Why a separate section on Trans history, the history of transgender people?
While I have devoted an entire section of this site to LGBT History, being myself a trans woman, I have a particular interest in Trans history and if you have attended any my Transgender Awareness Training Workshops you will know that I always spend some time exploring parts of this rich and largely unknown history. For me, that it is largely unknown is the fascination.
You might think that Trans history is a recent social phenomenon because the first time that trans people started to really make the news was just after World War II. The first famous post war transsexual was Christine Jorgensen, a Danish born GI who made headline news in 1954 when she returned to the US after surgery. The first publically recognised transsexual was Lili Elbe, another Dane, but this time an artist, who sadly died as a result of her last surgery in 1931. But trans people have been around a lot longer than that.
Part of the problem is that labels like transvestite, transsexual and transgender are 20th century inventions. Before 1910 there was no real differentiation between gay men and trans women or lesbian women and trans men. Furthermore the terminology has changed a number of times throughout history and is also different in different cultures. Hijra in India and Pakistan, Travesti in Brazil and Kathoy in Thailand are just a few examples.
Another good example of this is in the Bible which refers to Eunuchs, whom we have always believed to be “castrated males.” But a study of the Hijra in India and other trans communities shows that full castration is often undertaken by these trans communities and that leads us to have to assume that at least some of the eunuchs were probably trans, some were intersex, and there is also evidence to suggest that some were gay men.
One reason why Trans History has been almost invisible is that many trans people do not want to be seen as trans - they want to be accepted as the gender they feel they should have been born, so go to incredible lengths to hide their trans identity.
Furthermore men displaying feminine characteristics are often seen as weak, so that men in leadership positions in the past have had to hide their femininity or risk being victims of aggressive male enemies. Women on the other hand have been subjected to patriarchal oppression for centuries and that has meant severe punishments for daring to express masculinity.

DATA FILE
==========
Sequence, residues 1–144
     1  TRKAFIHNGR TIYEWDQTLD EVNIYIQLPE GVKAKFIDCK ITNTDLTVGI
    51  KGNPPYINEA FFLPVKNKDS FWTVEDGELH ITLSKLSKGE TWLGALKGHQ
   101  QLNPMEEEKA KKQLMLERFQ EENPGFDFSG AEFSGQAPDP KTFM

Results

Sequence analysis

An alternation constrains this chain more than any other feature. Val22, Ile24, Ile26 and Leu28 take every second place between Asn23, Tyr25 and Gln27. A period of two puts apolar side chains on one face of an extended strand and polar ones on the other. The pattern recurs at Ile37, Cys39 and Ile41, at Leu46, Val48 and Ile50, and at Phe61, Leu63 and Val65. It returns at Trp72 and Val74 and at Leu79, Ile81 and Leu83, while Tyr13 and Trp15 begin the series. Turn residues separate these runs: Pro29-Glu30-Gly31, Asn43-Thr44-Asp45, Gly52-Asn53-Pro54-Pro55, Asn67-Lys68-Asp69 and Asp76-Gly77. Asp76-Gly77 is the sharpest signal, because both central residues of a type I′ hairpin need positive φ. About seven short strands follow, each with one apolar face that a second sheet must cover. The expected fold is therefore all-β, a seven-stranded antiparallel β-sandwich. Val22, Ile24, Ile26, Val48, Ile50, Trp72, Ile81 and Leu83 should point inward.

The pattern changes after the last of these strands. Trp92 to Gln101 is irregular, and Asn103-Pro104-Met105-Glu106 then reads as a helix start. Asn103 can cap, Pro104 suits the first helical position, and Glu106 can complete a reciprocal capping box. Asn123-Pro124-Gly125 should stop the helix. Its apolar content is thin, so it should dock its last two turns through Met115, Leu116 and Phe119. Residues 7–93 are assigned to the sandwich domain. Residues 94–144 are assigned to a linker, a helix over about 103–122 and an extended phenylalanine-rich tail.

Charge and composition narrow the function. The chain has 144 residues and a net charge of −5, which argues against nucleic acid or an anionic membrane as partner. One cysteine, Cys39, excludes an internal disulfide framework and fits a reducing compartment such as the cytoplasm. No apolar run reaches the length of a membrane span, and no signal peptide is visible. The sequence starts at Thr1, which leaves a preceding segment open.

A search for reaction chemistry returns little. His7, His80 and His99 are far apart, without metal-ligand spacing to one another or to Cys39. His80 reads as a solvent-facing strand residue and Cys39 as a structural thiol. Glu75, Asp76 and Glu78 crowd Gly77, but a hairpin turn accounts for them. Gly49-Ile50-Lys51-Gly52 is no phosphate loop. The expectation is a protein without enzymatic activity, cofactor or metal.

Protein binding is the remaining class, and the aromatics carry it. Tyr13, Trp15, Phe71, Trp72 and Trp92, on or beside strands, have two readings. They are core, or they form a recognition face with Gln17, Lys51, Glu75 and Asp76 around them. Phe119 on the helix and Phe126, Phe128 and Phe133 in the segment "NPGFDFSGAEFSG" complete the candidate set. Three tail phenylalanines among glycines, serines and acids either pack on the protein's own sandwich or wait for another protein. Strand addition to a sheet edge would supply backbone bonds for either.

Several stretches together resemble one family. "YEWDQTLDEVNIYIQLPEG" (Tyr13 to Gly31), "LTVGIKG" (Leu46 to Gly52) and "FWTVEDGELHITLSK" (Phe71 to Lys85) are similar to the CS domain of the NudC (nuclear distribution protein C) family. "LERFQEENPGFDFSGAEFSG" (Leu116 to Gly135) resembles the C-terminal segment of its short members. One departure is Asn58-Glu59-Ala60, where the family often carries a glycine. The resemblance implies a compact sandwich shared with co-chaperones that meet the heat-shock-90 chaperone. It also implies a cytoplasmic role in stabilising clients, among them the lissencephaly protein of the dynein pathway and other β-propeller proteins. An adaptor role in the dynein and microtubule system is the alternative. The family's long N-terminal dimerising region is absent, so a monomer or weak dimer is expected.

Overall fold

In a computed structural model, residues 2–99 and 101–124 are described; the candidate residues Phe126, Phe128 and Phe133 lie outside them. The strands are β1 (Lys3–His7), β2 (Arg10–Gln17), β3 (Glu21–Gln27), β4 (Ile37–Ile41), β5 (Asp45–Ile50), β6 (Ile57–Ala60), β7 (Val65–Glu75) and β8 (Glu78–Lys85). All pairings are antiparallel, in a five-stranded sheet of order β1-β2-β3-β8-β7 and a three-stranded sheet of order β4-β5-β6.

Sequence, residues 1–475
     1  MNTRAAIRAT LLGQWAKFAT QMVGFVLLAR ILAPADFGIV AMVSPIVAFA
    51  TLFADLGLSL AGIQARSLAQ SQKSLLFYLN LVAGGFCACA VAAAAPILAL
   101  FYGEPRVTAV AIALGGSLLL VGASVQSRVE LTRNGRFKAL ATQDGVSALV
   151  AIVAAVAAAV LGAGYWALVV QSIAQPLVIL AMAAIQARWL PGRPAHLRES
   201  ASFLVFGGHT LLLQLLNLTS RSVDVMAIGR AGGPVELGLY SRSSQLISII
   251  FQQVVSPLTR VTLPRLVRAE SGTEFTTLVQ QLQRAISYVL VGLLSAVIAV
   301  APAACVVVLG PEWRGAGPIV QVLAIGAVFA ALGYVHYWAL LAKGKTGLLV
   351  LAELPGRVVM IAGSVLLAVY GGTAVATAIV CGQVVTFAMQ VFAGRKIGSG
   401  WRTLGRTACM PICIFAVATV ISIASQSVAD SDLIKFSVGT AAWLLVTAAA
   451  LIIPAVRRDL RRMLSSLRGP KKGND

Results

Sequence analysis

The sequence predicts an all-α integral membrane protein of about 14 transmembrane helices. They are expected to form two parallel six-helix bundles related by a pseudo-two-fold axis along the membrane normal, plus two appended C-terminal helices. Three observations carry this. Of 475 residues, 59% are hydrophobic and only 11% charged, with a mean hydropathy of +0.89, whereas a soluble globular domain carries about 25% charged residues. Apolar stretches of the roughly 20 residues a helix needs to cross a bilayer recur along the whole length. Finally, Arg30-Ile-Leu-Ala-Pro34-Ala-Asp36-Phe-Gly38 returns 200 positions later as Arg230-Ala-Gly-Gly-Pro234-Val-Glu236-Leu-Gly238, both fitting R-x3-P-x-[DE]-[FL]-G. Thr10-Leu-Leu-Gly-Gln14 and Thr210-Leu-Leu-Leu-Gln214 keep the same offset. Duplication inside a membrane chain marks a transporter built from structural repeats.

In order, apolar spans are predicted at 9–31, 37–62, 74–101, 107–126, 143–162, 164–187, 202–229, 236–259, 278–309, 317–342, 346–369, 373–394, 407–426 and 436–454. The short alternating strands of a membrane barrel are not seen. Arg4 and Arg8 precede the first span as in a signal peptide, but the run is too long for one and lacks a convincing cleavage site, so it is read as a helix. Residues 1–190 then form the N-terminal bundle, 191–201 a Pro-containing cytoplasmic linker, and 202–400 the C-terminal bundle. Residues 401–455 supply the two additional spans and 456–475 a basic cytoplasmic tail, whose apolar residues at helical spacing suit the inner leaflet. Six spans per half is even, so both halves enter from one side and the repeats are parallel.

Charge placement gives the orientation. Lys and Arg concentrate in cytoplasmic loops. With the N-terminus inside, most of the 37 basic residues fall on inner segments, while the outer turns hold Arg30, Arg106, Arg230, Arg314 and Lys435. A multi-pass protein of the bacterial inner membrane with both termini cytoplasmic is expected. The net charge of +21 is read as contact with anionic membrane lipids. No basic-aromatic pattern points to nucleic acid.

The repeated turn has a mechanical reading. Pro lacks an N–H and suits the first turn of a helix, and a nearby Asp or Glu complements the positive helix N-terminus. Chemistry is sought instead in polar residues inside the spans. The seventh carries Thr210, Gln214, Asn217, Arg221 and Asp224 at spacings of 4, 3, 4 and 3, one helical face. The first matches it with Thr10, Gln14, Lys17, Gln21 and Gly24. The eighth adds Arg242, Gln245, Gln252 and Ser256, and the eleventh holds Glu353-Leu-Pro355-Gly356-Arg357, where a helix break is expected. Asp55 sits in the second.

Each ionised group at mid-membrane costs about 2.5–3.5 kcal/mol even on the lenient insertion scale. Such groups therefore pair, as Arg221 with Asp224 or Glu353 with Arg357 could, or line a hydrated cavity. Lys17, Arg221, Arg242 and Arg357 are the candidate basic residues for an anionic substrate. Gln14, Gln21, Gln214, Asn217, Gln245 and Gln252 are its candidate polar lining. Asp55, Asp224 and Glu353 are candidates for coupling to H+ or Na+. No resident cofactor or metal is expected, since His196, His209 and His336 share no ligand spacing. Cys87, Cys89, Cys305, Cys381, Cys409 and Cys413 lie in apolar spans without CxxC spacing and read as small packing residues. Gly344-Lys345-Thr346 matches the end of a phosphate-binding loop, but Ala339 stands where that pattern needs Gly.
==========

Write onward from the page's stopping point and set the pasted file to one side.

Ironically, however, it is because of the persecution of people who transgress the gender divide that we do have a trans history at all. Records of these transgressions have been kept and although the writers of history have tried to exclude LGBT , and especially trans people, once we understand how they were excluded, they become visible.
Ssome of the history you explore with me here will be controvertial.
These and many other questions will be answered in the following pages.
If you are interested in reading up on Trans history I recommend the following book which is largely about US trans history. Other books of interest are available through the bookstore.
Here are some of the links I have found exclusively exploring Trans history that you may find of interest. There are also more links on the LGBT History page which include a lot of trans history but are not exclusively focused oin trans issues.
The Trans Timeline - An excellent Timeline of Trans History
Trans History Wiki - This project started but seems not to have been continued
Transgender: A History - Good history resource on an local Alberta, Canada site
Transgender History Series - A series of six articles from Trans Activist Mercedes Allen
A Brief History of Transgender Issues - Guardian Article from Stephen Whittle on legislation and medical history
GLAAD’s Transgender Visibility Timeline - Attractive visual timeline of recent trans history
Trans* History Timeline - an interesting modern history timeline